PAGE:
Tera-Scale: What Would We Do with All These Cores and How Would We Feed Them?

Last week’s Tera-scale announcement at the International Solid State Circuits Conference (ISSCC) certainly created a lot of buzz in the press and on the Web. I have to admit being somewhat surprised by how extensively the story was picked up, not just in the technical press, but the popular press as well.
Written by Justin Rattner, Contributor

Last week’s Tera-scale announcement at the International Solid State Circuits Conference (ISSCC) certainly created a lot of buzz in the press and on the Web. I have to admit being somewhat surprised by how extensively the story was picked up, not just in the technical press, but the popular press as well. From the many interviews I did, it was quite clear that people have an insatiable desire to know what their future computing devices will do and how soon they will do it. Fortunately, researchers at Intel and elsewhere have spent several years, not just thinking about the question, but actually building prototypes of those next-decade applications. Believe me when I say it’s much more credible to talk about a specific example than just blow some smoke and promise that whatever those applications are, they will be really cool.

Back to Recognition, Mining, and Synthesis

I first addressed the issue of why now is the time to create these ideas in my post Cool Codes in which I introduced the RMS categories. The important point is there is an entirely new breed of applications waiting to be invented that doesn’t simply benefit from Tera-scale performance, it requires it. Let me refresh you on RMS by talking about real-time motion capture and rendering and a few other examples to illustrate the idea.

Today, to produce a Pixar-quality image takes about 6 hours of computing on a current-generation, dual-processor rack-mount server. That's to render one frame out of the 144,000 frames required for a feature-length, animated movie. How cool would it be if you could bring that quality of image rendering to your desktop in real-time? Imagine playing the Cars video game with imagery that's comparable to what you see in the theater. To create that user experience, we have to go from 6 hours per frame to 124th of a second per frame, but at least it’s a very well-characterized computational improvement. It will take a combination of teraFLOPS of computing power and huge advances in the algorithms that render the image. Note that synthesis is the “S” in RMS, and this is but one example.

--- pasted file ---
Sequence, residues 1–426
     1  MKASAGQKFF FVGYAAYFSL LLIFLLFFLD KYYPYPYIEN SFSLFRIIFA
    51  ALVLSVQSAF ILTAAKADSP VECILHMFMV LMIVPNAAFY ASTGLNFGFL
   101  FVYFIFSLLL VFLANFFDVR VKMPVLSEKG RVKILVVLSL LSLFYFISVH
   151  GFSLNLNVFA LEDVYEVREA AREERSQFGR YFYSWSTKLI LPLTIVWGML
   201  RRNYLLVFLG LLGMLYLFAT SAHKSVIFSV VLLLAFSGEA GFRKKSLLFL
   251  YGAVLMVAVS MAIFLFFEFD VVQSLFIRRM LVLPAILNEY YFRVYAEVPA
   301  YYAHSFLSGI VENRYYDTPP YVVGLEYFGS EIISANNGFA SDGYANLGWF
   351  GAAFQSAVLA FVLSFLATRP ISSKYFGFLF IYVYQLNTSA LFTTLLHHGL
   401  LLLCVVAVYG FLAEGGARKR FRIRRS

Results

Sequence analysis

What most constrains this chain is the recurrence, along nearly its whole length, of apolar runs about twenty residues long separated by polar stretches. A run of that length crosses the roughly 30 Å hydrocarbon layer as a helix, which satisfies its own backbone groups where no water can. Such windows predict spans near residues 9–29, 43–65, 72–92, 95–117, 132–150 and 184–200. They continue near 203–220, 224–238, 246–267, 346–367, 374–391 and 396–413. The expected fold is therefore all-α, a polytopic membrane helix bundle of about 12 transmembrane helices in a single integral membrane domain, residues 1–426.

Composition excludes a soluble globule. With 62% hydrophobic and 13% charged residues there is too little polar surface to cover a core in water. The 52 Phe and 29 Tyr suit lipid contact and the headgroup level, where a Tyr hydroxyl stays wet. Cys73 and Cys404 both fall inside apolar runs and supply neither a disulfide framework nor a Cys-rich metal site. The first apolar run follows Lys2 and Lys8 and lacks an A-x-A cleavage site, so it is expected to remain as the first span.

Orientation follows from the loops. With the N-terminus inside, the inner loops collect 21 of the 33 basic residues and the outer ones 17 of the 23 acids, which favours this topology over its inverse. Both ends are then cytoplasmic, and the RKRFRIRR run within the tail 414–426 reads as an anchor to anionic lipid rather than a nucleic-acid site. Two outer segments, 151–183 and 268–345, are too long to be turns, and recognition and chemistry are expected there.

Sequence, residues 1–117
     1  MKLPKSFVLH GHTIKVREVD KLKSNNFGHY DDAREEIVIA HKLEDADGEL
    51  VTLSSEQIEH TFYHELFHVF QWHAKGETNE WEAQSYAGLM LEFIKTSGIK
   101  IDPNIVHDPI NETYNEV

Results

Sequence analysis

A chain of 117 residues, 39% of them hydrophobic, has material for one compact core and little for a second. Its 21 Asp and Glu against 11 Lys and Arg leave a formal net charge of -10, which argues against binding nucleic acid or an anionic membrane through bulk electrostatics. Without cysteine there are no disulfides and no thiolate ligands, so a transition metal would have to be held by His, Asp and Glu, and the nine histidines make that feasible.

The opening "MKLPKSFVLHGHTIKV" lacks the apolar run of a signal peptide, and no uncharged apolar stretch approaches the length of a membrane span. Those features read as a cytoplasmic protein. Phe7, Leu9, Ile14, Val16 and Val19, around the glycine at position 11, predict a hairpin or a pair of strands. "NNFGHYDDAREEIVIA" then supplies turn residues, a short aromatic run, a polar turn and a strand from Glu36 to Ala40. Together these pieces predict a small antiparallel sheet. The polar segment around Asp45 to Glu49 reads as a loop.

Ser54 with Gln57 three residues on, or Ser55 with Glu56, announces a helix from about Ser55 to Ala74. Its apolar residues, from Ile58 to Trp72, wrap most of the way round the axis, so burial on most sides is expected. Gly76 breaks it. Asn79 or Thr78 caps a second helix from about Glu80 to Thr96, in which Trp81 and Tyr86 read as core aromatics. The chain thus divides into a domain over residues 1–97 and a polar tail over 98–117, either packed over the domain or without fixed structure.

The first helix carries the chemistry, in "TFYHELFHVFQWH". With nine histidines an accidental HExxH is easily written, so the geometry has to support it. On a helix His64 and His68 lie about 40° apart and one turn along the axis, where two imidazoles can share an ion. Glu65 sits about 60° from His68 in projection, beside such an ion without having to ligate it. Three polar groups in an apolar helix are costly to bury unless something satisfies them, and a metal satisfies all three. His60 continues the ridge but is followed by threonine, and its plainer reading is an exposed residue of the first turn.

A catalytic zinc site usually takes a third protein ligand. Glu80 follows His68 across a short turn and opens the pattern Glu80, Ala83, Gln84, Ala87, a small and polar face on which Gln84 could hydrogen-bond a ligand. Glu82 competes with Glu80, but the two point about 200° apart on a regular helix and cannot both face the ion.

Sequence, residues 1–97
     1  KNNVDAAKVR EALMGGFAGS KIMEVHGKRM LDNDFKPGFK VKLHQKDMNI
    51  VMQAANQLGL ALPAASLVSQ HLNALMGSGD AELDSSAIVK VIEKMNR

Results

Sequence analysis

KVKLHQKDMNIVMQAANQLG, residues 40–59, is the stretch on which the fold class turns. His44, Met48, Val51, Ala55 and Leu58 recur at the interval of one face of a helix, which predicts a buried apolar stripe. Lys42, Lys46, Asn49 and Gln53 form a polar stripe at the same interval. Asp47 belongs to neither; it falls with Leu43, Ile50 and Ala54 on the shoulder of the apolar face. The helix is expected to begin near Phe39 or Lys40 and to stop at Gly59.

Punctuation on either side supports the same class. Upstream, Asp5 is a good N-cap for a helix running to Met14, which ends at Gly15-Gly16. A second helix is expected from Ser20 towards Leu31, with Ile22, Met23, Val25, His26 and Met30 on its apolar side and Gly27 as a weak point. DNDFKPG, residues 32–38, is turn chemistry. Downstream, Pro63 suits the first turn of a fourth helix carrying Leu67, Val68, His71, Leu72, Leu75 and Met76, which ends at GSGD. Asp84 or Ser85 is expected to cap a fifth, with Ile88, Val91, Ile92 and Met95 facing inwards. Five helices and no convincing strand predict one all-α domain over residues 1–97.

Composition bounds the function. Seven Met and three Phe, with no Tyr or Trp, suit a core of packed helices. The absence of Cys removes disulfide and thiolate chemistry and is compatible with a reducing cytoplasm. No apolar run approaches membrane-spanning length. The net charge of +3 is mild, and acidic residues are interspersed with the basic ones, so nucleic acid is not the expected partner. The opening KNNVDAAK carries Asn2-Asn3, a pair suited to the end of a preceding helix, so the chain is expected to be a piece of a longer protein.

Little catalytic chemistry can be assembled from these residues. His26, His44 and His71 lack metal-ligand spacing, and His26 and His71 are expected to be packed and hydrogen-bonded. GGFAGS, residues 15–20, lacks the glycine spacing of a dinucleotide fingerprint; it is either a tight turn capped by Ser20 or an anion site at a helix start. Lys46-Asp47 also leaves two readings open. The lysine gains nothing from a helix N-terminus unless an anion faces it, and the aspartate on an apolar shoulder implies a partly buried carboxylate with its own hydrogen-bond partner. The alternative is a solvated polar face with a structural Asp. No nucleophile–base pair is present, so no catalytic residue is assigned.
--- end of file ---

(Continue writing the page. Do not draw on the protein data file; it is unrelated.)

By the way, synthesis is not just about making pictures.  It's making sounds, making things move and interact with one another in physically accurate ways. When an animated character speaks in these future desktop animations, their facial muscles will move exactly as they do when a real person speaks. It does beg the question whether we’ll actually need actors at some point, but that’s a topic for another blog.

Here’s another example: Today in our labs we can data mine the imagery found in a recorded multi-camera video of an individual moving within a defined 3D space. The goal of this video stream mining is to extract their full body motion. We can’t quite do it in real-time at this point, but we are pretty close and there’s no need for marks or lights on the clothing or a background blue screen to do it. By the way, mining is the M in RMS.